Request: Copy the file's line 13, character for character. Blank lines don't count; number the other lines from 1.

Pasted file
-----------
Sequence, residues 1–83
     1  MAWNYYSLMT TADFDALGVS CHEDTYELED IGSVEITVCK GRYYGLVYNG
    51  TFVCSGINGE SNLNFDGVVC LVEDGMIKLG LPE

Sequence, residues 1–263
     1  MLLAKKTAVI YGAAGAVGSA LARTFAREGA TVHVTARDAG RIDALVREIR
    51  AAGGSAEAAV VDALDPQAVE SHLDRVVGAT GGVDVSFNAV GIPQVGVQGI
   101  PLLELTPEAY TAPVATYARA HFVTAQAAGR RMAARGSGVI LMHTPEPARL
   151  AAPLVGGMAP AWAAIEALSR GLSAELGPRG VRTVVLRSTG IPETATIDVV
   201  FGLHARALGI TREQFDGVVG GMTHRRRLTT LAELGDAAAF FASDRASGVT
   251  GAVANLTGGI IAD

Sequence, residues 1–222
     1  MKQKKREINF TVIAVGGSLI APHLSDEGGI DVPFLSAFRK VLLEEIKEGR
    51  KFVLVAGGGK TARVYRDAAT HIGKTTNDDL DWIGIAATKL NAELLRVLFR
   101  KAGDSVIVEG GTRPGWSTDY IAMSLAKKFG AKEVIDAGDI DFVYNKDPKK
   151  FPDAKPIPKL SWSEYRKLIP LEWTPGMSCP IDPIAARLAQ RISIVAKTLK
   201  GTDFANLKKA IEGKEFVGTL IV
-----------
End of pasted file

    51  KFVLVAGGGK TARVYRDAAT HIGKTTNDDL DWIGIAATKL NAELLRVLFR